Contrast and Brightness
Calibrize will help you calibrate your monitor. Calibration is the act of changing the behavior of your monitor to best match the desired colors. In addition, this utility will also produce and install a monitor profile into your system. The monitor profile is important as it tells other applications the color behavior of your monitor. A reliable profile will also enable your system to maintain consistent colors from monitor to printer.
Read the Color Management Primer for more information about the process.
Contrast and Brightness
The aim in setting contrast and brightness is to get as much color detail (dynamic range) as possible out of the monitor. This is done by stretching the difference between black and white to the maximum. However, by doing so we run the risk of loosing detail in the dark shadow range as well as in the highlights. So we may have to sacrifice some brightness in order to save these details.
First the contrast gets cranked up to the maximum level to get the most out of the monitor Be aware though that using maximum contrast on a CRT tube may shorten the life span of the monitor.
The problem of loss of detail is dealt with by the two images that will show whether or not the dark and light details remain visible. In most cases a good result can be achieved by leaving the contrast level all the way up while playing with the brightness level to preserve the details.
In case your monitor only offers a contrast or a brightness control, but not both, try to achieve the best result with the one available control. If your monitor offers no contrast and brightness controls at all, simply continue to the next step.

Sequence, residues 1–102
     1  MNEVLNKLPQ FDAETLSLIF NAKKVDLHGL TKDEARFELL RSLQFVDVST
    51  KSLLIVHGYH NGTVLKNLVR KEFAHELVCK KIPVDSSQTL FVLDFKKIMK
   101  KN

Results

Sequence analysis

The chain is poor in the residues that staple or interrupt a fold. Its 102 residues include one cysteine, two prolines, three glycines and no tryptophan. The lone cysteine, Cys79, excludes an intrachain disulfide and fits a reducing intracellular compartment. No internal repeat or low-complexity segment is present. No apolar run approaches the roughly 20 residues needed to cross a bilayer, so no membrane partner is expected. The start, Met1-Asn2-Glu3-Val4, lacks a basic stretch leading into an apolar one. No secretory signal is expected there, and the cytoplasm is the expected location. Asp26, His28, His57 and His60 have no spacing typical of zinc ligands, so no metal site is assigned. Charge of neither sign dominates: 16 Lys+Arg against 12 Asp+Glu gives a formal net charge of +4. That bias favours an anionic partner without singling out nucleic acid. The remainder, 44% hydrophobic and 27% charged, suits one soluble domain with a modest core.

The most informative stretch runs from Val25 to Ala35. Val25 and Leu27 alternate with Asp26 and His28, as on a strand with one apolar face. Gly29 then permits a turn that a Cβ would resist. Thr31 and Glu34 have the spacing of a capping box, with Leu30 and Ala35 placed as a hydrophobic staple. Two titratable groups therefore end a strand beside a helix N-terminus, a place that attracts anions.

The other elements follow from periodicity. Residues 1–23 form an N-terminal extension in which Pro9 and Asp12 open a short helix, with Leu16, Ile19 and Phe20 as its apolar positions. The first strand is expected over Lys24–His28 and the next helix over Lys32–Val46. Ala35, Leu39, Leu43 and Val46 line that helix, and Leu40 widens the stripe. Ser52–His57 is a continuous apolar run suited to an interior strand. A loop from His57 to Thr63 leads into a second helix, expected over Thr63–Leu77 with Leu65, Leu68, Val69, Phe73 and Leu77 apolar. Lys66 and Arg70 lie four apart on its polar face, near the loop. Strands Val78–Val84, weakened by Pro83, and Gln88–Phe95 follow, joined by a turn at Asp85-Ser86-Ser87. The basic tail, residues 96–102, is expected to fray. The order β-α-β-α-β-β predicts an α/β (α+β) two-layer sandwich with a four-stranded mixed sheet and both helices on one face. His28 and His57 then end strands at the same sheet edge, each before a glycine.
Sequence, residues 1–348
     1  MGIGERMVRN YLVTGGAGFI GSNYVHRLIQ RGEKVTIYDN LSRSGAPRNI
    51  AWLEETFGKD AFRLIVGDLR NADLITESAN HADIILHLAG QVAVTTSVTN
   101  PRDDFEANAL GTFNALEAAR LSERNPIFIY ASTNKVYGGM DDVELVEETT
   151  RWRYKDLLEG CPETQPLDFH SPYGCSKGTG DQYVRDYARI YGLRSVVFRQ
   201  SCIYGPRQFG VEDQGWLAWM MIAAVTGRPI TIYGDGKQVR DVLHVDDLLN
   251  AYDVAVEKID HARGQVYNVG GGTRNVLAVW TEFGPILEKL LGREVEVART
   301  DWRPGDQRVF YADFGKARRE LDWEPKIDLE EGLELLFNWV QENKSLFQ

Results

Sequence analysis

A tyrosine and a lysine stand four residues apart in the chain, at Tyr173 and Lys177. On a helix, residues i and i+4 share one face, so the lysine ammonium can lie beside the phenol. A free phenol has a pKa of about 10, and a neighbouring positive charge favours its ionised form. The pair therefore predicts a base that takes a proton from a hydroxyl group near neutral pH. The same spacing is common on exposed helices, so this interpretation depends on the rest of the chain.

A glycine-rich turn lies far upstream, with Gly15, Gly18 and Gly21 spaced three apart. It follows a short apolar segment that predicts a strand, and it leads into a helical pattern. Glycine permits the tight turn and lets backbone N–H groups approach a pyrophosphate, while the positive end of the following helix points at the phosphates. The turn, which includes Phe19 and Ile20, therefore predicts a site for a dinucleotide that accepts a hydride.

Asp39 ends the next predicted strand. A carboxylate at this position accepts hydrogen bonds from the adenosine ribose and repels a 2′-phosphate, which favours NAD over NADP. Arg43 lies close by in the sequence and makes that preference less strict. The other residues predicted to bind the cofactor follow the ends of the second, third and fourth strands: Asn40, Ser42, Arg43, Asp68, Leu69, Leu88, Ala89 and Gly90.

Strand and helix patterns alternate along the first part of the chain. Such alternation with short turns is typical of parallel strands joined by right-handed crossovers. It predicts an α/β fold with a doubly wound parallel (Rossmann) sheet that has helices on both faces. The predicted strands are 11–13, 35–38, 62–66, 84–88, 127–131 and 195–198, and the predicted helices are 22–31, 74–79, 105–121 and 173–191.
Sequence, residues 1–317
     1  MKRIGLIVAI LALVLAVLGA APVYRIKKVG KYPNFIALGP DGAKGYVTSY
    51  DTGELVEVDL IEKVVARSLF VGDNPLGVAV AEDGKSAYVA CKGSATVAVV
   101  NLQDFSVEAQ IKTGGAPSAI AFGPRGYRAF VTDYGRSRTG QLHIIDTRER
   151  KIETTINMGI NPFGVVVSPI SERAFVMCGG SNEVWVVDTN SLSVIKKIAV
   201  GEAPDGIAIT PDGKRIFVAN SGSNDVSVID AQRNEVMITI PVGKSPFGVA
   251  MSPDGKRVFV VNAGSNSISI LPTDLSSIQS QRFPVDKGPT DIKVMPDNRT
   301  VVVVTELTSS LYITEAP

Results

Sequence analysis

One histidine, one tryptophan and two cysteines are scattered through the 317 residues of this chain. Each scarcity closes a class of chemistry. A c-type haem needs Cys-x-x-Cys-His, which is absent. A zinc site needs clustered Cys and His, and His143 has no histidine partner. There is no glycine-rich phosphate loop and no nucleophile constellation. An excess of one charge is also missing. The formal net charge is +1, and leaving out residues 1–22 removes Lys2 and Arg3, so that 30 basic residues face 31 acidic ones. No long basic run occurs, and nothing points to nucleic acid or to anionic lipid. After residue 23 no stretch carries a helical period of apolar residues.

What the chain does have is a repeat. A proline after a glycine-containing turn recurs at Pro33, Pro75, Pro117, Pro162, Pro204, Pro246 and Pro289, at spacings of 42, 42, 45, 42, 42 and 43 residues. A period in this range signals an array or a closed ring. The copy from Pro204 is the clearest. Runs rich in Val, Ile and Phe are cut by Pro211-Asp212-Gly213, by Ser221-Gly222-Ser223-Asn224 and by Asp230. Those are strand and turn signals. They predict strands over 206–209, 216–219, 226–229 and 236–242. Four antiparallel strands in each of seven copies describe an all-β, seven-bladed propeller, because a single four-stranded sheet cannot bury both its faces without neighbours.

Some monitors will show solid squares, no matter what settings. This may indicate that the monitor is simply not capable of displaying detail in the darkest and/or lightest regions. If this is the case, there’s nothing to do about it, except replacing the monitor for a higher end one.
In short, gamma may be described as the relationship between input voltage and output brightness of a monitor. Suppose that sending a signal of 1 volt to the monitor results in a colored dot. Then one would expect a 2 volt signal to result in a dot twice as bright. If signal equals brightness, the gamma value is 1. Unfortunately, in reality the signal never equals brightness. This calls for a gamma correction.
The gamma of the monitor is actually measured in three different channels. That’s because any color displayed on a monitor is basically a mix of red, green and blue. For maximum accuracy, the gamma is measured separately for red, green and blue.
There is a difference between measured gamma and target gamma. The measured gamma represents the way the monitor actually behaves. This is determined by choosing the right setting for the sliders under the squares. The target gamma, on the other hand, is how we would like the monitor to behave. The difference between measured gamma and target gamma can be overcome by adjusting the signal to the monitor. After helping to determine the measured gamma, Calibrize will load and adjust the monitor signals each time the computer is started-up.
The target gamma value is set by Calibrize to 2.2. This is a typical Windows PC value which (in most cases) best matches the abilities of the monitor, and is in accordance with common standards.